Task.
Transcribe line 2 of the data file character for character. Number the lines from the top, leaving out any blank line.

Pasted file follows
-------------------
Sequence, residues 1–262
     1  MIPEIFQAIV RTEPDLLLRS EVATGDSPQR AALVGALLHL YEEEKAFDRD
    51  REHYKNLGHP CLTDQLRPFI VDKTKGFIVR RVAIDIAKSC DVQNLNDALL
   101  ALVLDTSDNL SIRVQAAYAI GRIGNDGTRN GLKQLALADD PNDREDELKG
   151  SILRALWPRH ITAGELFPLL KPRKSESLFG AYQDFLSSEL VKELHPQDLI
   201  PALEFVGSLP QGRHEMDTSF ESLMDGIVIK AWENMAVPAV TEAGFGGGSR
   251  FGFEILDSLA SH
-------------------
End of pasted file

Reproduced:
     1  MIPEIFQAIV RTEPDLLLRS EVATGDSPQR AALVGALLHL YEEEKAFDRD